Another favorable ruling for the EIC
Yesterday, the Court agreed with the EIC that we are a necessary party to the lawsuit between incorporation opponent Don Siegel, on one side, and Town Supervisor Paul Feiner, on the other. Siegel’s suit argues that Feiner properly rejected the EIC’s incorporation petition, but should have done so for an additional reason.
This odd and seemingly collusive lawsuit had Siegel, who runs the anti-incorporation website, and Feiner, who has publicly expressed opposition to incorporation, on opposite sides of a case where both desired the same outcome (rejection of the petition). Naturally, Siegel’s suit raised some eyebrows, but, fortunately, the judge’s order effectively blocks their side-door legal strategy.
The strategy goes back to the same June day the EIC filed its Article 78 lawsuit challenging Supervisor Paul Feiner's rejection of the incorporation petition. On that day, Paul Feiner’s former campaign manager, Don Siegel, filed a separate Article 78 against Feiner (see here: http://bit.ly/2ulCzFA).
Siegel raised objections to the petition during the hearing process in April, which were duly considered by Supervisor Feiner. But his Article 78 petition against Supervisor Feiner claims that, although Feiner properly denied the petition, he should have denied it for an additional reason: that the petition pages were not fastened together properly.
Siegel didn’t make the EIC aware of this second suit, nor did the Town do so in its response to Siegel.
Why did Siegel do such a thing, and why did the Town purposely not add the EIC as a necessary party when they were purporting to name other necessary parties? Because like a fixed sporting event, one of the players can benefit by losing.
Both Siegel and Feiner are opposed to incorporation. Siegel’s Article 78 originally went to a different state court judge than the one hearing the EIC’s Article 78 challenging the same decision.
Had Feiner played only token defense against Siegel’s Article 78, the judge in that case could have found in favor of Siegel and affirmed Feiner’s rejection of the petition without the EIC’s even knowing about that case. The EIC wouldn’t have had the opportunity to contest Siegel’s new reason for rejection.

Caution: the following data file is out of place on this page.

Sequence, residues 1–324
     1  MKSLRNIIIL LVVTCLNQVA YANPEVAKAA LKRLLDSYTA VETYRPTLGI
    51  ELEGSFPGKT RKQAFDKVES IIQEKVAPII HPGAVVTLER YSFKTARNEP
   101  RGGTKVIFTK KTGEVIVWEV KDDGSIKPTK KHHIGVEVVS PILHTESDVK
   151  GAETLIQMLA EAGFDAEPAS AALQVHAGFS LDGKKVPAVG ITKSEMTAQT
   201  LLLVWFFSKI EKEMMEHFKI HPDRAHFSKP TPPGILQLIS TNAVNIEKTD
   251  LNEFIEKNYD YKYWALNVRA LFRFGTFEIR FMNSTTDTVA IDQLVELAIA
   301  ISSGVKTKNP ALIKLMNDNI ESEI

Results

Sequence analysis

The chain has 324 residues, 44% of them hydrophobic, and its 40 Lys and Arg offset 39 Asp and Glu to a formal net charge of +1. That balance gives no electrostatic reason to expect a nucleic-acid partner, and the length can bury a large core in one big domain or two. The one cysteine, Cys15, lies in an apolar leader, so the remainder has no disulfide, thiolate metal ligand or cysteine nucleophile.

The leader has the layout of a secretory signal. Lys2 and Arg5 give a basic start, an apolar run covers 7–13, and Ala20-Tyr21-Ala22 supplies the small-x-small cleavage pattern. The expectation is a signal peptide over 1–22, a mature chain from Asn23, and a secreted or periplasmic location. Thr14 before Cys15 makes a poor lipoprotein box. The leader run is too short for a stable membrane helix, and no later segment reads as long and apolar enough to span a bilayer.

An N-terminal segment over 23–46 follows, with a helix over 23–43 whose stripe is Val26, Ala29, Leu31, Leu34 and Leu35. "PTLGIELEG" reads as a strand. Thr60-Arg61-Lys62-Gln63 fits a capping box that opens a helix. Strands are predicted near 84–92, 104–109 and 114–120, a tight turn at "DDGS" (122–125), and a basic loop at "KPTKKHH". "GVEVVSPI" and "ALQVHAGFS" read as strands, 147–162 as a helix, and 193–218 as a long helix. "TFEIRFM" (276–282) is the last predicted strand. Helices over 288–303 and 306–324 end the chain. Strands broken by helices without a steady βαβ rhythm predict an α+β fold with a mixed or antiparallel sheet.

Fortunately, we did learn of the Siegel suit and made a motion to intervene as a “necessary party” based on the obvious fact that the EIC—a party to the original case—wanted a different outcome from Siegel and Feiner. Our motion alerted the court of the nexus between the two Article 78’s, so both cases will now be considered by the same judge.
Town Attorney Tim Lewis and Siegel’s attorney Tom Troetti even argued that the EIC shouldn’t be a party to the Siegel lawsuit. But today, the judge disagreed with Lewis and Troetti and granted our motion to intervene (see here: http://bit.ly/2gPGI2T). That decision effectively ends any further attempts by some of the original objectors to go in front of a different judge with a separate objection, which apparently was their backup plan should Feiner lose the Article 78 brought by the EIC.
Coincidentally, Don Siegel's attorney, Tom Troetti, is the same lawyer the Town has been using for years (see here: http://bit.ly/2sBHbpm). The Town hired Troetti again for $25,000 for a case that had been dormant since 2012 (see here: http://bit.ly/2swdNW6) not 24 hours after Troetti served Feiner with the Siegel lawsuit.
This manipulative lawsuit is the latest attempt by the Town to undermine Edgemont's right to vote. Last spring, the Town hired private investigators with taxpayer dollars, and this summer, the Town secretly tried to request a home rule law to diminish our rights to vote on incorporating.
Having now ruled that Siegel should have named the EIC, the court said it’s now up to Troetti and Siegel—assuming they still want to continue the case—to serve the EIC with the order issued today. If they do, we will respond with a motion to dismiss.
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